In aging Japan, 18-year-olds now welcomed into the voting booth

In the biggest expansion of the vote since 1946, teens have been courted for Sunday's vote for the legislature's upper house. A key issue: the pacifist Constitution. 

Koji Sasahara/AP
In this June 24 photo, Kensuke Harada, leader of nonprofit organization Youth Create, center, talks with high school students during a class on the election, at Denenchofu high school in Tokyo.

Across Japan, millions of 18-year-old students have been getting instruction in a brand new topic: how to vote. 

Some 2.4 million 18- and 19-year-olds are eligible for the first time to cast ballots in this Sunday's House of Councillors election. Their entree into the voting booth marks the biggest enfranchisement in Japan since 1946, when women were granted suffrage and the voting age was reduced from 25 to 20. 

In a country where more than a quarter of citizens are 65 or older, empowering the rising generation to engage in politics is seen as a possible avenue for injecting new voices into an aging electorate and perhaps even altering a moribund political landscape. And the main political parties are attempting to meet the newest voters on their own turf, churning out videos, animated messages, and online campaigns. Meanwhile, public schools have offered lessons on the electoral system and how to fill in ballot papers. 

The stakes could be high on Sunday: Prime Minister Shinzo Abe's Liberal Democratic Party (LDP), which holds a majority of seats already, is predicted to further increase its seats, and a two-thirds majority in the House of Councillors could allow the government to reform the pacifist clause of Japan's Constitution, opposition to which has been strong among students. 

But 18- and 19-year olds make up just a few percent of the electorate and are less likely – even with the novelty – to vote. Most notably, many of the new voters are already disillusioned with a politics that has seen the voting rate fall to a record low of below 53 percent for the 2014 election, six prime ministers in as many years before Mr. Abe took power in 2012, and uneasy alliances between parties of opposing ideologies.  

Planning to vote

Three first-year students at Azabu University, in Kanagawa, just south of Tokyo, all intend to vote.

"I think young people do want their voice to be heard," says Nasuzu Ishi, who is 19. But she sees little hope for change. "Politicians say one thing and do another. Abe didn't talk much about changing the Constitution at the last election; it was all about economics. So it's hard to trust him." 

The government passed bills that reinterpret Article 9 of the Constitution last September, allowing the military to engage in overseas conflicts. But it couldn’t change the clause due to the lack of a two-thirds majority. Many observers believe that is Abe's true political mission, rather than his so-called "Abenomics" of massive monetary easing. 

"I was shocked when Abe announced he was going to reinterpret Article 9; there was no need to do that. And Abenomics isn't really working, either," says Mizu Sekine, who is 18.

"And the government has postponed the rise to 10 percent for the consumption tax, but the national debt isn't getting paid down. It's just being pushed back on to our generation to deal with," adds Ms. Ishi.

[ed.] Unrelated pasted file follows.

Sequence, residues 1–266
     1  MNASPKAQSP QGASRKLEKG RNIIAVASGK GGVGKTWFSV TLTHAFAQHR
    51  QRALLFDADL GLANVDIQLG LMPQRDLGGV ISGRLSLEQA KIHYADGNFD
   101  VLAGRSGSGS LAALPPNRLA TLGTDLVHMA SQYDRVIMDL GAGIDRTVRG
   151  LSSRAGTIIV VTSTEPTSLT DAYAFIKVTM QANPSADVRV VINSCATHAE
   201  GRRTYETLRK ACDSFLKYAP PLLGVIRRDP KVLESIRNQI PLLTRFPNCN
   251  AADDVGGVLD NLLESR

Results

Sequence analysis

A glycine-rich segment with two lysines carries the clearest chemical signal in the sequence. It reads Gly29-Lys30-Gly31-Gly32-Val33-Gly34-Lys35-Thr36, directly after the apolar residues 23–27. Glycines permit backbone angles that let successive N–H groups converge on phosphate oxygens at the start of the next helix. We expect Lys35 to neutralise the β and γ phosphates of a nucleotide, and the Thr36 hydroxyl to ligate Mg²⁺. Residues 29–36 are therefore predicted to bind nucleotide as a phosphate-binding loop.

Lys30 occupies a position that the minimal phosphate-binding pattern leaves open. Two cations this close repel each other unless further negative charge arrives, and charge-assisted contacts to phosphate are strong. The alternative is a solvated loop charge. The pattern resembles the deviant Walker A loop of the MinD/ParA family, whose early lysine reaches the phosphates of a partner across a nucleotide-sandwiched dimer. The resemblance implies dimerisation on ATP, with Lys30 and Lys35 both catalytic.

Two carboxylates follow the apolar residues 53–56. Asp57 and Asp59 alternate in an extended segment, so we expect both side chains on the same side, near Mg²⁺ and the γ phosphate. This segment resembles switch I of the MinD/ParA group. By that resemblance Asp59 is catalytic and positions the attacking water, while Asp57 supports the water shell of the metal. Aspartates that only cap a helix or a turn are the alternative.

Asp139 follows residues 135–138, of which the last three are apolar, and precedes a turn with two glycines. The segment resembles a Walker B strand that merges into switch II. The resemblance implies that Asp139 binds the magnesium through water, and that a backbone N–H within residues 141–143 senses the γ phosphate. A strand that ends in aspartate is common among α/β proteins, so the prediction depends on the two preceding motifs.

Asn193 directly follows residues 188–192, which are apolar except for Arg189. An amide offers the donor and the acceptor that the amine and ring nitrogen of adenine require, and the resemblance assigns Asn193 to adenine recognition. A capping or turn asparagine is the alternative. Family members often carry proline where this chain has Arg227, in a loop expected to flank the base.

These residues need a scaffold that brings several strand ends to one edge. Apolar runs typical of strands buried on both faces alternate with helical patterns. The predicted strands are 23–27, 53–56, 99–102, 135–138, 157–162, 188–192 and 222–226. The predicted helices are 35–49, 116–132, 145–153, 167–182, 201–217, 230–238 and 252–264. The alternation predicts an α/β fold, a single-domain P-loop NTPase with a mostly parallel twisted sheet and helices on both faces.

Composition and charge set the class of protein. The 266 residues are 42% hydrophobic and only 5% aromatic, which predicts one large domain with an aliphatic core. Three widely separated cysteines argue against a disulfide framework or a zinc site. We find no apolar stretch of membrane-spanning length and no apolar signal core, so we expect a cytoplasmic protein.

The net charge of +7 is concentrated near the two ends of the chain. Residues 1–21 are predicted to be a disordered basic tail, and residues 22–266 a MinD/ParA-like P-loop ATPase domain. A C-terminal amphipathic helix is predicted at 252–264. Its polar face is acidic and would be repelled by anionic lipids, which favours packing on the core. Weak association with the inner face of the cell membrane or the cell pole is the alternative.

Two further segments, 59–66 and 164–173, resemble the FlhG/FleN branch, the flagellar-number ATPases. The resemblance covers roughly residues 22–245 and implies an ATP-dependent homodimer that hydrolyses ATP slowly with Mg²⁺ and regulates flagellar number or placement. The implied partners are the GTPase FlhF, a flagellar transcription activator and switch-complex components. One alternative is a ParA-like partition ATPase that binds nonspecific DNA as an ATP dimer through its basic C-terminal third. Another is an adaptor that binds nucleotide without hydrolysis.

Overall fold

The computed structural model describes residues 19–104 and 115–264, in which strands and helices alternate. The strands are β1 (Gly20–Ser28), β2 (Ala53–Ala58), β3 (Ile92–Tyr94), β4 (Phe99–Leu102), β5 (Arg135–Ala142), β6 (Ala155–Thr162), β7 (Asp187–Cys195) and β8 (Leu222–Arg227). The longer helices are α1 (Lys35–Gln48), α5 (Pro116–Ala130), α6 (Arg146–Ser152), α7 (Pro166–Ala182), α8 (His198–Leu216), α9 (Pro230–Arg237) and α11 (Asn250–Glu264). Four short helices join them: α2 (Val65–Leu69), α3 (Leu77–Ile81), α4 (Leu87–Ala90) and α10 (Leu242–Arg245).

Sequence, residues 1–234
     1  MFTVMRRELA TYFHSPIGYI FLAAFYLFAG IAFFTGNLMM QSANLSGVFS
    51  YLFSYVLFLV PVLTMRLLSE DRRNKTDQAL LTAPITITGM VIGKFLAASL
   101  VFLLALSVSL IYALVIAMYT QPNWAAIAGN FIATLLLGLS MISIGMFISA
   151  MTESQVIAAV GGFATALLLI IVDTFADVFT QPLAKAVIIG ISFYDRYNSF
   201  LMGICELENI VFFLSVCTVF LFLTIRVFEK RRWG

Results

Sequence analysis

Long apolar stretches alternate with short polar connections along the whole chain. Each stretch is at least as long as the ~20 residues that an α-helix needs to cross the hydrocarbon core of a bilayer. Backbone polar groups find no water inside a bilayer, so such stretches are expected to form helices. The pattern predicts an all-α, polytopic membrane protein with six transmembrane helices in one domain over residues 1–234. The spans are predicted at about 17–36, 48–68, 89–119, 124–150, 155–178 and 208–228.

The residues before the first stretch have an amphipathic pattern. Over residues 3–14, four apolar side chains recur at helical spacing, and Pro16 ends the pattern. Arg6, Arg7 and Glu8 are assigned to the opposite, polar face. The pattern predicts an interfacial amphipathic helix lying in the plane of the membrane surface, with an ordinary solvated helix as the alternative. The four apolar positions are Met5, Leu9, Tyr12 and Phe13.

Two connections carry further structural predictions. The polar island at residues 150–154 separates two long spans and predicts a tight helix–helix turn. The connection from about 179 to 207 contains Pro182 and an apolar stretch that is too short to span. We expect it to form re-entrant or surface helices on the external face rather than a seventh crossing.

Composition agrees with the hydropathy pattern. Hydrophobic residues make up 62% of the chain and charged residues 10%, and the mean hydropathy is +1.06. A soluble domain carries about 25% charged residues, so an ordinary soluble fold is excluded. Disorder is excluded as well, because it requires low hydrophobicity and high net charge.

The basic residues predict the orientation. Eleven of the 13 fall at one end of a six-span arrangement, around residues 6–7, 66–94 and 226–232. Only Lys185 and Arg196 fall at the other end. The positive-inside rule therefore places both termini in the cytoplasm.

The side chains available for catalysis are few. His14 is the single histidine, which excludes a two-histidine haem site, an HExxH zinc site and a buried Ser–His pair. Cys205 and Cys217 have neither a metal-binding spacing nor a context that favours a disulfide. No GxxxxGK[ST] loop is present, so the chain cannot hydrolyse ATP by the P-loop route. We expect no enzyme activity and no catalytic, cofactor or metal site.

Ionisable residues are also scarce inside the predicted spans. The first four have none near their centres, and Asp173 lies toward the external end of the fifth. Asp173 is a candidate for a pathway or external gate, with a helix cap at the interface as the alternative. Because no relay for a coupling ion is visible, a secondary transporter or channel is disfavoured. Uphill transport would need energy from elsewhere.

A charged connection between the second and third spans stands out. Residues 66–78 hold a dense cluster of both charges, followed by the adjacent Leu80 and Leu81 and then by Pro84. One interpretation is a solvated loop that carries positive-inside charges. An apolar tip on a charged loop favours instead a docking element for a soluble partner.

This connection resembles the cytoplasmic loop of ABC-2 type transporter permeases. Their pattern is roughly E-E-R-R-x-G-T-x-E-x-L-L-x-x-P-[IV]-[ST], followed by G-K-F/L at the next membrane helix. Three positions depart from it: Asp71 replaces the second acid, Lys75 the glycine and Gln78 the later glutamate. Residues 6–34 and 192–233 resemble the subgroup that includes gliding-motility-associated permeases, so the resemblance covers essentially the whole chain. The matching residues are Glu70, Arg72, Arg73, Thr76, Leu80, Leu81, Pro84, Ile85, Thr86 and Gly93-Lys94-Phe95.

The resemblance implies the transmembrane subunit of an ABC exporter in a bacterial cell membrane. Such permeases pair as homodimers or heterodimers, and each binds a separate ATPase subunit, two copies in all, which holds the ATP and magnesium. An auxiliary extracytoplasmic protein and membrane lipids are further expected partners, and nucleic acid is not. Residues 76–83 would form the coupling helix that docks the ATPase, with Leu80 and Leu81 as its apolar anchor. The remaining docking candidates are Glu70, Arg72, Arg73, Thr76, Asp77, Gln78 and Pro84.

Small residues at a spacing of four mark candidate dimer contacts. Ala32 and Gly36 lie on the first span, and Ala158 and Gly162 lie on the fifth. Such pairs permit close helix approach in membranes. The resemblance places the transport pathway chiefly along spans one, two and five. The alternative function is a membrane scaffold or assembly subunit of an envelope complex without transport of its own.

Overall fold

Japan's national debt of a quadrillion yen ($10 trillion) is around 240 percent of GDP, the highest rate in the world. Japan's young voters have seen little to let them believe that a meaningful political dynamic is possible in Japan, where the LDP has held power for all but a few years over more than half a century. 

"[Yoichi] Masuzoe seemed trustworthy, but then look what happened," says Ms. Sekine, referring to the LDP governor of Tokyo who resigned in June over a misuse of funds scandal. "But the opposition is a mess, too," she says, pointing to the merger of the center-left Democratic Party of Japan (DPJ) with the center-right Japan Innovation Party in March, leaving many voters confused as to what the new Democratic Party's ideological position is. 

Please cast your vote

Public officials, at the behest of the government, are doing what they can to encourage voting among the new segment of the electorate. Still, efforts to educate young voters are having mixed results.

"We had a class in social studies at high school about election and voting, but it was right before our final exams, so everybody was like "yeah, yeah," and just took the leaflets," says Sekine.

But at least one teacher at a public high school in a satellite city of Tokyo believes about 60 percent of his third-year students who are eligible to vote will do so by July 10. That would put their turnout in line with the average turnout in national elections since 2000.  

"We have a big baseball game on Sunday, the day of the election, and we got a call from the education board telling us to make sure the students all go and vote by Saturday. You can cast your vote up to a week early in Japan," says the teacher, who asked not to be identified as he didn't have permission to talk publicly. "I understand they want to raise the voting rate, but I don't think it is right to pressure the students, voting isn't compulsory in Japan." 

The school held a mock election in April to let students practice. "In Japan, you have to write the name of the candidate on the ballot paper yourself, so we explained how to do it and what kind of abbreviations can be used for the political parties," says the teacher. 

And politicians know these new voters will be part of the electorate for decades to come. With around 95 percent of young Japanese graduating from high school, it is an attractive demographic. Since the law was passed lowering the voting age, the teacher notes, the school has seen a sudden increase in local politicians making speeches at its graduation ceremonies.

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